Stocks opened mixed this morning (Dow -13 pts; SPX +.06%). The rate sensitive sectors—utilities, real estate—are up nicely in early trading. Biotechs, medical device stocks and the energy sector are in the red. WTI crude oil is trading sharply lower to $47.60/barrel as investors come to realize that OPEC’s jibber-jabber about a production cut is likely nothing but talk. Bonds prices are up a bit this morning as yields edged lower. The 5- and 10-year Treasury yields are back down to 1.32% and 1.83%, respectively.
Author and Wharton Business School Professor Jeremy Siegel reduced his SPX price target for year-end to a range of 2250-2300. His prior price target was 2300. First, he expects a Fed rate hike in December and that could dent the rally. Second, while earnings have come in better than expected, forward guidance hasn’t been great. Third, as yields rise, bonds will compete more with stocks for investor dollars. “It’s going to be harder to make headway, I think.” So now he believes the stock market will tread water for a while. We need rising earnings to “get over the hump of a rising 10-year [Treasury].”
Eastman Chemical (EMN) reported a solid third quarter with revenue and earnings growth of -7% and +1%, respectively. Volumes were flat y/y so pricing was fully responsible for the sales decline. The company is on track to reduce costs by $100mil this year and raw materials costs are down, so despite falling sales, earnings were up slightly. The global business environment is challenging and demand in China is soft. But management guided fourth quarter earnings higher than expected. Management said this is a “world where you need to create your own growth.” The stock rose 4% on high volume after the announcement on Friday.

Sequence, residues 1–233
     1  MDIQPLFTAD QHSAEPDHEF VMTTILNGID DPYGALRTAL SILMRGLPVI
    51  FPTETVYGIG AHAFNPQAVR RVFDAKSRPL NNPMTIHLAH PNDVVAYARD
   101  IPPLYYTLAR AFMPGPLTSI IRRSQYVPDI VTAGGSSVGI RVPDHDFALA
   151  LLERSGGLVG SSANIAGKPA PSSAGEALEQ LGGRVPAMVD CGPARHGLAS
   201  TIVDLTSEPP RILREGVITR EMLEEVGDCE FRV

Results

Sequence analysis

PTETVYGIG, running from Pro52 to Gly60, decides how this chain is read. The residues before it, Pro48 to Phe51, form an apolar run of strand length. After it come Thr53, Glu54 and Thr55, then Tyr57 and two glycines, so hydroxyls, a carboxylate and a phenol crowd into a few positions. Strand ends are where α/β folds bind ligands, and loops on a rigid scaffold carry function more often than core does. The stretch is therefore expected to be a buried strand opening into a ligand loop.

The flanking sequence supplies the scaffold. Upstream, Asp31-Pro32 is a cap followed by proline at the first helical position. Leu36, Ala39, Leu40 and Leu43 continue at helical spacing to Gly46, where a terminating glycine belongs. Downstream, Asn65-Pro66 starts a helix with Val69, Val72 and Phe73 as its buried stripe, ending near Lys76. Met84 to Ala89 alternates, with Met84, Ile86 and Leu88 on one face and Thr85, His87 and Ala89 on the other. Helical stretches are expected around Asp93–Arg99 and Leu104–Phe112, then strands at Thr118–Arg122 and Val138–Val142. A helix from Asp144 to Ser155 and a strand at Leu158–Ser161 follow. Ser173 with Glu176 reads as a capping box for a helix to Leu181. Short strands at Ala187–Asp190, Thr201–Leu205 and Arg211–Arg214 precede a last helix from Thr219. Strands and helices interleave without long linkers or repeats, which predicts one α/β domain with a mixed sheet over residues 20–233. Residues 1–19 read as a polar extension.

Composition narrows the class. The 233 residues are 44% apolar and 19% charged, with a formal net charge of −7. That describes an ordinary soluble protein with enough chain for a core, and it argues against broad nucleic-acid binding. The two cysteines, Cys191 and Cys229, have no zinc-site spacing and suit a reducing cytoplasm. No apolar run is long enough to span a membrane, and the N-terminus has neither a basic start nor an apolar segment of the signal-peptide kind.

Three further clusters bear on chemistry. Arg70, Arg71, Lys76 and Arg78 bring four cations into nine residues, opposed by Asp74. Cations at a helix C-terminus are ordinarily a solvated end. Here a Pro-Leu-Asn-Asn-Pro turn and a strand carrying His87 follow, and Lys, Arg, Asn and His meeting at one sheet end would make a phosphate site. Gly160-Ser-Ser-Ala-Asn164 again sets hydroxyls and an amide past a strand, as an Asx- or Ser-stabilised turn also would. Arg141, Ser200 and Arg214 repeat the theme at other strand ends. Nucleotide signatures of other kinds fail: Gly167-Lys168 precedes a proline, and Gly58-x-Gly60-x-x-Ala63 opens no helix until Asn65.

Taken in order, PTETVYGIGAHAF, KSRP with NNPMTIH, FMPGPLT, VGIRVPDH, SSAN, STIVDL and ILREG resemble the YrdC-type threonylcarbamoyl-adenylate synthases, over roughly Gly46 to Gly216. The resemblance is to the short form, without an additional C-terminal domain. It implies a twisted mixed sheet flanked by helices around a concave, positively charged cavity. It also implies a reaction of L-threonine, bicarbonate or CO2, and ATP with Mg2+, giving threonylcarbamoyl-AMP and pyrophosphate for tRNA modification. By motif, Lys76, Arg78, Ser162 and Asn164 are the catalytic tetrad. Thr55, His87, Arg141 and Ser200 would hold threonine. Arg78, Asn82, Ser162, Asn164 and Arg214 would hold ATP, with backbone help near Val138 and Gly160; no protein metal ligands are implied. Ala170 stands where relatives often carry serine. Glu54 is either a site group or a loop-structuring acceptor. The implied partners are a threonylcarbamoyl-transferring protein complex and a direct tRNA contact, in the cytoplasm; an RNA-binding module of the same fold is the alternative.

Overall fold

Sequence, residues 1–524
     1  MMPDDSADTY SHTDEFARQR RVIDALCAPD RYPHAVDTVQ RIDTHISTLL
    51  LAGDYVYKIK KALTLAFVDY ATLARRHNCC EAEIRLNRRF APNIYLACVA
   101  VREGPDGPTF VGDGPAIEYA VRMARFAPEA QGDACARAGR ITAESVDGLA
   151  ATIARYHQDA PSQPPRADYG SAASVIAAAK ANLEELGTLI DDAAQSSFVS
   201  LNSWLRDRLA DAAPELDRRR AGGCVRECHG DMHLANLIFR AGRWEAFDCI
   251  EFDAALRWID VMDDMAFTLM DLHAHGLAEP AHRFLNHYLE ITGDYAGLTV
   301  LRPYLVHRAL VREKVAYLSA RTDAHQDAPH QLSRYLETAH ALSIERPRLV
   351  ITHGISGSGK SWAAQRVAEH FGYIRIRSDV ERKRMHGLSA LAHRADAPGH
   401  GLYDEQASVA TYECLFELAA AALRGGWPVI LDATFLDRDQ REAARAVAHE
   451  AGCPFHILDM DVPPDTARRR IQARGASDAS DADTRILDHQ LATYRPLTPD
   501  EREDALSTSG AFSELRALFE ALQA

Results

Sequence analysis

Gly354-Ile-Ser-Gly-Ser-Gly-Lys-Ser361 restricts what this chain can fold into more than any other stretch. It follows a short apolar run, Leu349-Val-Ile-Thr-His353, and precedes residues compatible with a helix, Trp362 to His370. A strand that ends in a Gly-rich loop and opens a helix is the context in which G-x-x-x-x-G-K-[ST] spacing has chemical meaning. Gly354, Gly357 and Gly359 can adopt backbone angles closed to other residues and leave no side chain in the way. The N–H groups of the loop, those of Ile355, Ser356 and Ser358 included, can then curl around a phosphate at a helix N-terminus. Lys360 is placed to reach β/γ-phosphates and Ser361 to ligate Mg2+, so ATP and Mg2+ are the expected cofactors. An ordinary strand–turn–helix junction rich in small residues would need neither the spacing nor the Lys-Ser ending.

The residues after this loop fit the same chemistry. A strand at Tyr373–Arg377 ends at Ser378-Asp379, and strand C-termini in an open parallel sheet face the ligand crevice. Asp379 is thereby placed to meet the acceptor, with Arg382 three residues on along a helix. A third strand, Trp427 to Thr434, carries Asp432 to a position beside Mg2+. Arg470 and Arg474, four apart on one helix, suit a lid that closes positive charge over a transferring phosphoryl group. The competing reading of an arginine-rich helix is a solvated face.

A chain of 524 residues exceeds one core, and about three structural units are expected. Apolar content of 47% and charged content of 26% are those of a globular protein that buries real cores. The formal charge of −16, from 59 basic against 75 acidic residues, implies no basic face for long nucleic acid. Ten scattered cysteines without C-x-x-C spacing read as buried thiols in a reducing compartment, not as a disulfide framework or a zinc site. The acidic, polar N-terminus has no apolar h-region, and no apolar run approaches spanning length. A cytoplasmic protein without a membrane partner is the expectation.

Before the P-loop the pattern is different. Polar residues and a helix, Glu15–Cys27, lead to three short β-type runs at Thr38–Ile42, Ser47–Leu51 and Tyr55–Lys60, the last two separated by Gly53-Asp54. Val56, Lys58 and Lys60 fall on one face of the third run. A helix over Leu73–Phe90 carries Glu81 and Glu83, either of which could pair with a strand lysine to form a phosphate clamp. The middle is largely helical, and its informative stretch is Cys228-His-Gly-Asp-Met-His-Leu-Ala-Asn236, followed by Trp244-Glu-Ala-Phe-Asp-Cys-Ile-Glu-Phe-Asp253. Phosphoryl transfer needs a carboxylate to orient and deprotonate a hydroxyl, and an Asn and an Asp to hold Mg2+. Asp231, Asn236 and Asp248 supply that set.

Chevron (CVX) reported better than expected third quarter results. Revenue fell 12% y/y but that’s the best quarterly growth rate in two years. The US oil exploration business lost money but overseas oil and natural gas saw improving profits. Total production came in weaker than expected but it does look like the crisis is over and the energy sector is beginning to recover. Still, the company further reduced 2016 capital spending guidance. In a Bloomberg interview on Friday, Oppenheimer analyst Fadel Gheit said Chevron and Exxon need $60+/barrel oil in order to survive in the long term.
General Electric (GE) inked a deal to combine its oil & gas business with Baker Hughes (BHI), structuring the deal so that GE will remain in control. GE will own about 62.5% of the new Baker Hughes, which will the country’s second-largest oil & gas services provider behind Schlumberger (SLB).
We got some encouraging consumer income & spending data this morning. Personal incomes rose .3% in September from prior month levels and spending rose .5% in the month. On a year-over-year basis incomes are up 3.2% and spending is up 3.4%. The savings rate dipped a bit to 5.7% but that’s still very respectable. The consumer is in great shape. Now, the inflation rate on consumer spending came in at a very tame 1.2% y/y and even if you strip out volatile categories like food & energy, inflation is still running at a tepid 1.7% y/y. So this report shouldn’t encourage the Federal Reserve to begin raising interest rates.
Hillary Clinton’s campaign suffered a setback as the FBI on Friday said it will broaden the investigation into her misuse of classified information while serving as Secretary of State. FBI Director Comey said new evidence has come to light as a result of an unrelated case that tangentially involves one of Ms. Clinton’s closest aides. Her political machine immediately set about discrediting Mr. Comey, who several months ago decided not to prosecute her despite clear evidence that she mishandled classified information. In a research piece over the weekend, Citigroup says it believes Ms. Clinton will still win the election, but concedes it is possible this event will throw the election off course. At the very least, voter turnout will suffer.